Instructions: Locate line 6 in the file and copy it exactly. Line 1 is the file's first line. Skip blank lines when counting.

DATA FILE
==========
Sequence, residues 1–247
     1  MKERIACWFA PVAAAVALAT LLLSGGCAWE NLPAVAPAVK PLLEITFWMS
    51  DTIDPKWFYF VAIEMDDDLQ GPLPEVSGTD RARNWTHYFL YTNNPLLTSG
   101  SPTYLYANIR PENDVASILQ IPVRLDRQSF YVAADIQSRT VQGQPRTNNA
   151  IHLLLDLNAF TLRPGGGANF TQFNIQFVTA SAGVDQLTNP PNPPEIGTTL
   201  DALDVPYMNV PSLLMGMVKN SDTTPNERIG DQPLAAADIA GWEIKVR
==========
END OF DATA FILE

   201  DALDVPYMNV PSLLMGMVKN SDTTPNERIG DQPLAAADIA GWEIKVR